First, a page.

Imagery in Poetryby EssayShark Tutors
Imagery in Poetry “an album of world literature” from “the Bedford Introduction to Literature.”
To write analyzes the use of imagery in poems by one of the poets from the chapter “An Album of World Literature” from The Bedford Introduction to Literature (pgs. 1325-1338).
To do outside research to find 2 more poems that complement the poem by your chosen poet from “An Album of World Literature.”
needs to consider the poem in the anthology + 2 other poems written by that same poet that you discover in your research (depending on length, it might be enough to write about 1 other poem in addition to the poem in our book… I leave this decision up to you; should be 6-8 pages.)
Your argument must be supported with significant textual evidence from the poem; in other words, your close reading notes and explications need to be used for support.
In the process of writing and researching, you will have the opportunity to read a diverse collection of poets. You have twelve poets (& twelve countries) to choose from: Anna Akhmatova, Claribel Alegría, Yehuda Amichai, Fazil Hüsnü Daglarca, Kishwar Naheed, Marne L. Kilates, Taslima Nasrin, Pablo Neruda, Octavio Paz, Yousif al-Sa’igh, Shu Ting, Tomas Tranströmer.
present a focused argument about the use of imagery (you should be analyzing the use of concrete images—things that you can see, hear, taste, smell, touch—examples: rocks, doors, the sun, red flowers, a goose, a python, a bed, water…[not liberty, love, justice—these are abstract images ] see pg. 841 for review). To begin, you will need to explore the poems available online. Read the poems multiple times, take notes on the images in the poems: why and how are they significant? How does the poet use them; do images recur? This is a broad topic, and it is important that you eventually focus your argument on something that you have discovered in your exploration of the poems: needs to go beyond merely pointing out that certain images appear in the poems to consider how the images are used and to what effect. The poems should also complement each other in supporting your argument—don’t pick poems that you have difficulty pulling together in a focused argument about imagery.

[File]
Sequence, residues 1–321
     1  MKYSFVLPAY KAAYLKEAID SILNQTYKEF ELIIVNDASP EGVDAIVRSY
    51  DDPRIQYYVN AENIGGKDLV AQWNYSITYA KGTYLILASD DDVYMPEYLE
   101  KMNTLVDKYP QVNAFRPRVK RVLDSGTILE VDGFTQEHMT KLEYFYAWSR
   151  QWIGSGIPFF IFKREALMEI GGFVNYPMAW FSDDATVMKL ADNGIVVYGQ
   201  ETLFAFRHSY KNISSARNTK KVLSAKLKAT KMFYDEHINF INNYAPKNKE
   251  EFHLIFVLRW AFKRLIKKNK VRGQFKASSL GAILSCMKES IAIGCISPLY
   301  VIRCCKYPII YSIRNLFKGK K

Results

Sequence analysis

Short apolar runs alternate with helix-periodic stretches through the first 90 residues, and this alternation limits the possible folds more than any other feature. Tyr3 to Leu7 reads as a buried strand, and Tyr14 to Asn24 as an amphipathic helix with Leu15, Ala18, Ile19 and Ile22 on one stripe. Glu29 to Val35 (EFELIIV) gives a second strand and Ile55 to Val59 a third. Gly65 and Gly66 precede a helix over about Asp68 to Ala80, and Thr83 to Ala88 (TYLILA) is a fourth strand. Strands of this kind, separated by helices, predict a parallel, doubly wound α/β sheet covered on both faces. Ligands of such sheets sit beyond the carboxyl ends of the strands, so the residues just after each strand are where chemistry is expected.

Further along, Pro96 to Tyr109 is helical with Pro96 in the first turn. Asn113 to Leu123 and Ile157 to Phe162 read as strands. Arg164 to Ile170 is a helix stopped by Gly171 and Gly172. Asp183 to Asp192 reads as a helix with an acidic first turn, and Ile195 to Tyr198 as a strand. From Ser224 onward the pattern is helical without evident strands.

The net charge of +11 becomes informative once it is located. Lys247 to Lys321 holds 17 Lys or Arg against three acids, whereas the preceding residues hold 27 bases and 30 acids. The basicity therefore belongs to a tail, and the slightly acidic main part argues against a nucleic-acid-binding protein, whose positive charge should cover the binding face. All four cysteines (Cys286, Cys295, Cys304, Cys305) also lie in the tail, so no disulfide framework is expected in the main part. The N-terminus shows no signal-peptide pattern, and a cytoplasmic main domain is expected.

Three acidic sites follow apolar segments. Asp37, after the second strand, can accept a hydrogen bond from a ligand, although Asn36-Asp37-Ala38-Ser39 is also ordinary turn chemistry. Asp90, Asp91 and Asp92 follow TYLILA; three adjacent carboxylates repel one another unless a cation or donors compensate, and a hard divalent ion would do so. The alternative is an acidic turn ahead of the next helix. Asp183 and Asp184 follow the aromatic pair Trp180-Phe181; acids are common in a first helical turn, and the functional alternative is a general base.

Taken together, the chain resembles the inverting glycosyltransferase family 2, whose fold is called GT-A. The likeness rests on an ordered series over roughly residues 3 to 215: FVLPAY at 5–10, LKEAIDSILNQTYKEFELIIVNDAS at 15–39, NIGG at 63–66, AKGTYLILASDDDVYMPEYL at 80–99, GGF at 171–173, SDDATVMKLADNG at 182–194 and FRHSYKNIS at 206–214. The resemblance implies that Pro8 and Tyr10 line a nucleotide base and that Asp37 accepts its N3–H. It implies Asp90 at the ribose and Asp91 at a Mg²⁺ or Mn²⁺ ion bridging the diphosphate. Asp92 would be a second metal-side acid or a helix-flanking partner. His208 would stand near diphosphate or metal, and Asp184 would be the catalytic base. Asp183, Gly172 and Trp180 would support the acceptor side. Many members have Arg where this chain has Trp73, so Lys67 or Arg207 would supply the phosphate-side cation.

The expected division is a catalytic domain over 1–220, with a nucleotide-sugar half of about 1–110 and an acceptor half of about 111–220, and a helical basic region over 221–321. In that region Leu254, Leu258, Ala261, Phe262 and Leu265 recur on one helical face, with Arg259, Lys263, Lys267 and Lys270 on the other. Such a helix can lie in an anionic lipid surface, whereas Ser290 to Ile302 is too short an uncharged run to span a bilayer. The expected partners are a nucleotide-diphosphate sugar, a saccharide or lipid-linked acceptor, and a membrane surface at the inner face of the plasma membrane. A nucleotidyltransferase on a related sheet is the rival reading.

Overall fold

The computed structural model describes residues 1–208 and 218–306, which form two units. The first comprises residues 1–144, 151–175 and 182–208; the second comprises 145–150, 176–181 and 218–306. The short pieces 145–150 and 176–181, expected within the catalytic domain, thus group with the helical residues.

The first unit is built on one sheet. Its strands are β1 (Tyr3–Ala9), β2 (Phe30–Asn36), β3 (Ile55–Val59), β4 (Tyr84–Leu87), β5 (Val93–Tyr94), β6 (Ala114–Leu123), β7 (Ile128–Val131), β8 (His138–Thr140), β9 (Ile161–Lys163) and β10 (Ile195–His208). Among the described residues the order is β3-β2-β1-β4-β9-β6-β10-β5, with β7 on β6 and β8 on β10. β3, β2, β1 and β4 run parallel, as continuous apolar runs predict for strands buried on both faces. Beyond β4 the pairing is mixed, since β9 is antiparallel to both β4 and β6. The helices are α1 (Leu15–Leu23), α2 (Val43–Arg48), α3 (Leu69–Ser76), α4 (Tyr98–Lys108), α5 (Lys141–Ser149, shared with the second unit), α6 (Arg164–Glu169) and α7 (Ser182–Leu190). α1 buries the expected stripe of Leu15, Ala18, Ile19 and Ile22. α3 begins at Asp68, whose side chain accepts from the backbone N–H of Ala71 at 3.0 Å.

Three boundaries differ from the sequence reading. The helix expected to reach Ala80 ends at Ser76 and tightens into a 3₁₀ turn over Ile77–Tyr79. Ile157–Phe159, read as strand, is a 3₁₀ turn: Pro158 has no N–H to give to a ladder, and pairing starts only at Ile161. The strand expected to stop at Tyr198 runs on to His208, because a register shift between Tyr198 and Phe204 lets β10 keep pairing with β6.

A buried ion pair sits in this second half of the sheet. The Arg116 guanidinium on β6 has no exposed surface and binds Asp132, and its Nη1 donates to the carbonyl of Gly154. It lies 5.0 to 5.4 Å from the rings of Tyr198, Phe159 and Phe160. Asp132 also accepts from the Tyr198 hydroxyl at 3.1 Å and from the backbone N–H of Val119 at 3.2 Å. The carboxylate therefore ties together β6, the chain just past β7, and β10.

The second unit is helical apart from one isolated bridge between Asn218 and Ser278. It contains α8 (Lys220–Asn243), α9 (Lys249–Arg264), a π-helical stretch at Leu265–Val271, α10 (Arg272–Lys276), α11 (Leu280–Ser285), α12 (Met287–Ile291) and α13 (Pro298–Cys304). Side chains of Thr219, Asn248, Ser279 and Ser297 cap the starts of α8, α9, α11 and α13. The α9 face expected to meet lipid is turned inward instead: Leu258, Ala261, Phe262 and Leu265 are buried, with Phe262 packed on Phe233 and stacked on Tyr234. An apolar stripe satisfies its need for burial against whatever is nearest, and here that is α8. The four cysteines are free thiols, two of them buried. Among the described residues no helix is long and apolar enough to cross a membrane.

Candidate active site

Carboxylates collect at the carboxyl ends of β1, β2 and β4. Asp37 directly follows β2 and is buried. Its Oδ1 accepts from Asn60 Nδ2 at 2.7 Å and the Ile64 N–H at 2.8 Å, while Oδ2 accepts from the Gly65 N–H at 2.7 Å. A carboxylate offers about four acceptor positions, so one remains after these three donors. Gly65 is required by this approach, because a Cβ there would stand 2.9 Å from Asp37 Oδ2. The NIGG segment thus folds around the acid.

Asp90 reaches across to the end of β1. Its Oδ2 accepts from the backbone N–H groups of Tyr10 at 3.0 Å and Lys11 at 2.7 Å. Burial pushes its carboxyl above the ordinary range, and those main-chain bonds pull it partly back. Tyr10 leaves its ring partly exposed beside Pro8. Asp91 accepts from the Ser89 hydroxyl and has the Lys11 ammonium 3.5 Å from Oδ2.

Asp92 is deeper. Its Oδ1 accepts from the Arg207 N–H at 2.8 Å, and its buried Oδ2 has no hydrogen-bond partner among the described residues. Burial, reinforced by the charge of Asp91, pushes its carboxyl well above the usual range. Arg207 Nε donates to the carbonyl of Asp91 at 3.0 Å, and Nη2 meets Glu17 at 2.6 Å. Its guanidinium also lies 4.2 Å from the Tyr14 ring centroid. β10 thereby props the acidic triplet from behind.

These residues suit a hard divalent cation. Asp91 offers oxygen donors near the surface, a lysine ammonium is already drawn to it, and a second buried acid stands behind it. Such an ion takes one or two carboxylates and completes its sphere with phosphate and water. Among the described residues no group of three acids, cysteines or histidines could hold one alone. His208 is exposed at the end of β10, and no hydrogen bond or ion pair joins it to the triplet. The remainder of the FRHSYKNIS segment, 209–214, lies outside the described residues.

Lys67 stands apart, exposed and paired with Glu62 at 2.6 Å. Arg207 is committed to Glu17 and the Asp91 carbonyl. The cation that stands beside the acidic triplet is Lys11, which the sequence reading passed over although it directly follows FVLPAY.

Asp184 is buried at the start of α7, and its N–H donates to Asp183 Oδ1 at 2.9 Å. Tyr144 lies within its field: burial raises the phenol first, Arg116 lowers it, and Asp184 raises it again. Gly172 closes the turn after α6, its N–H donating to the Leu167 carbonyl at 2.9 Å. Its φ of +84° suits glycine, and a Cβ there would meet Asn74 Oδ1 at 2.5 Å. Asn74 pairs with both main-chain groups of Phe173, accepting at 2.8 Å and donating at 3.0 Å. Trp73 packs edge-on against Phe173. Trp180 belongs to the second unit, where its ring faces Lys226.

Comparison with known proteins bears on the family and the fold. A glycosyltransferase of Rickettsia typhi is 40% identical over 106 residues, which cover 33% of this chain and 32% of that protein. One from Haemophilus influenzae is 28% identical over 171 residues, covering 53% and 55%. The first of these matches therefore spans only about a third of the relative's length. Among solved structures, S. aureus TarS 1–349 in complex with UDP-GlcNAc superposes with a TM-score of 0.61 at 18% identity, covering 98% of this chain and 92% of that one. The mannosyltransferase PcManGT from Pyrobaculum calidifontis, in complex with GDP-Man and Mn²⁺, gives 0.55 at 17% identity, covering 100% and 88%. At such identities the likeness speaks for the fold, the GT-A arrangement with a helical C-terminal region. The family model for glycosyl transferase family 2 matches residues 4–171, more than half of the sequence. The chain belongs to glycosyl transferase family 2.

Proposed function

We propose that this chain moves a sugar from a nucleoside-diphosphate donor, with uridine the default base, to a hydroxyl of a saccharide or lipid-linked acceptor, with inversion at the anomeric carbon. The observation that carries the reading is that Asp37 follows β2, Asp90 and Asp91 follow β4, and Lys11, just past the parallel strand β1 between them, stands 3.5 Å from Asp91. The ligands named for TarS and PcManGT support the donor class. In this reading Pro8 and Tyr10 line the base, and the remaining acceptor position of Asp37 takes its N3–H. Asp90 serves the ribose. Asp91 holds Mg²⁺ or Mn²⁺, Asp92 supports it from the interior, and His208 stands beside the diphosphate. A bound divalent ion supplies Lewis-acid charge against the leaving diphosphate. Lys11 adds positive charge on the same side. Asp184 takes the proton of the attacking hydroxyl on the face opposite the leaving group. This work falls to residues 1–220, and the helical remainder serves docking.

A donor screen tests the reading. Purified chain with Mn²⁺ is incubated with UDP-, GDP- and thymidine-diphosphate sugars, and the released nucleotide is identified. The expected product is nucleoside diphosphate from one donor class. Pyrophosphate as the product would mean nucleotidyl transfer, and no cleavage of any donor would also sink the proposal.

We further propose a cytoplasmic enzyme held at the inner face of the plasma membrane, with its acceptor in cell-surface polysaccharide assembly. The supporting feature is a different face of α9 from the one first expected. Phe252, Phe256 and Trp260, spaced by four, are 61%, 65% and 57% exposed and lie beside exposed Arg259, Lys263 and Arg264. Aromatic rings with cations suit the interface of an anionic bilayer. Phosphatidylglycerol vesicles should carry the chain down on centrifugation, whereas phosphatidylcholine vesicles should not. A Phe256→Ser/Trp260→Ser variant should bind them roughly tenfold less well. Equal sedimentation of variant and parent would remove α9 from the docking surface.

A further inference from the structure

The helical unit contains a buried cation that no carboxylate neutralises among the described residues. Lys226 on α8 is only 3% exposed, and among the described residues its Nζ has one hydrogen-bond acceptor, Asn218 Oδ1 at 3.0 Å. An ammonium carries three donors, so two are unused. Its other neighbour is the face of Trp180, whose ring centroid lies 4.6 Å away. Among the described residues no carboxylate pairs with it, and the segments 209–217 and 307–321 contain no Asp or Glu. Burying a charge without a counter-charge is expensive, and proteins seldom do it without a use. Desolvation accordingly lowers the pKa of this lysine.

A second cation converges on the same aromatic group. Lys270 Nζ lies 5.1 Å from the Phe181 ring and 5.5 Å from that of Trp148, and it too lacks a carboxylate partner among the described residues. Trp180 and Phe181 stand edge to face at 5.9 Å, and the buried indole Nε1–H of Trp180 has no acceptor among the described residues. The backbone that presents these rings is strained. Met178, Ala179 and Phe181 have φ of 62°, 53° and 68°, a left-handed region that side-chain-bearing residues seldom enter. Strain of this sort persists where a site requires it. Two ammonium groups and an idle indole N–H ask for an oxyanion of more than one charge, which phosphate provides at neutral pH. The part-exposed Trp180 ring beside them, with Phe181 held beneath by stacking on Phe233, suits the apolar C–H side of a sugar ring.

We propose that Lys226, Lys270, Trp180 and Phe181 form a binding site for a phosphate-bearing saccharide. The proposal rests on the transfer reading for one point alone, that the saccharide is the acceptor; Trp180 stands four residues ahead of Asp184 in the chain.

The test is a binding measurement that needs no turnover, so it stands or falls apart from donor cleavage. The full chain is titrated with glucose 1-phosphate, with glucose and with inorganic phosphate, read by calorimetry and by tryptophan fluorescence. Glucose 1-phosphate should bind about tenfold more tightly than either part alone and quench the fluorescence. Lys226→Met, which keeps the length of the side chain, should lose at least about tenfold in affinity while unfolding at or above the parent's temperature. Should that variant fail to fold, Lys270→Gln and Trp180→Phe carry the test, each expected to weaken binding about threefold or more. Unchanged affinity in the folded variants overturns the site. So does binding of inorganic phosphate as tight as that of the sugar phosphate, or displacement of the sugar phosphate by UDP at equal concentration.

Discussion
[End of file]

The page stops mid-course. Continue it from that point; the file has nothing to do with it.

You might find that it is insightful to know some of the biographical details about the poet’s life, and this might inform your argument about the imagery. However: at least 3/4 should consist of explication “close readings” of the poems and discussion of the imagery. You are not writing an encyclopedia entry of facts about the poet’s life. You are analyzing an aspect of the imagery.
Your argument needs to be focused: for instance, to argue that a poet has experienced war and writes about war is not enough of an argument. You could, however, focus on that writer’s use of a certain set of images (maybe they are used metaphorically), and discuss what that reveals about his or her experience. Perhaps the writer explores certain scenes and settings, or an emotional state, and these things are made vivid and meaningful with the writer’s use of specific images.
Research will involve: finding poems to discuss in addition to the poem in our anthology; reading biographical material and interviews if you can find them. You may need to read a number of poems before you find the right ones to help support your argument. If you do not find enough information to satisfy what you think you need for a strong argument, you may need to focus on a different poet—this is all part of the research process…
Length: 6-8 pages, double-spaced, saved in a Word docx format.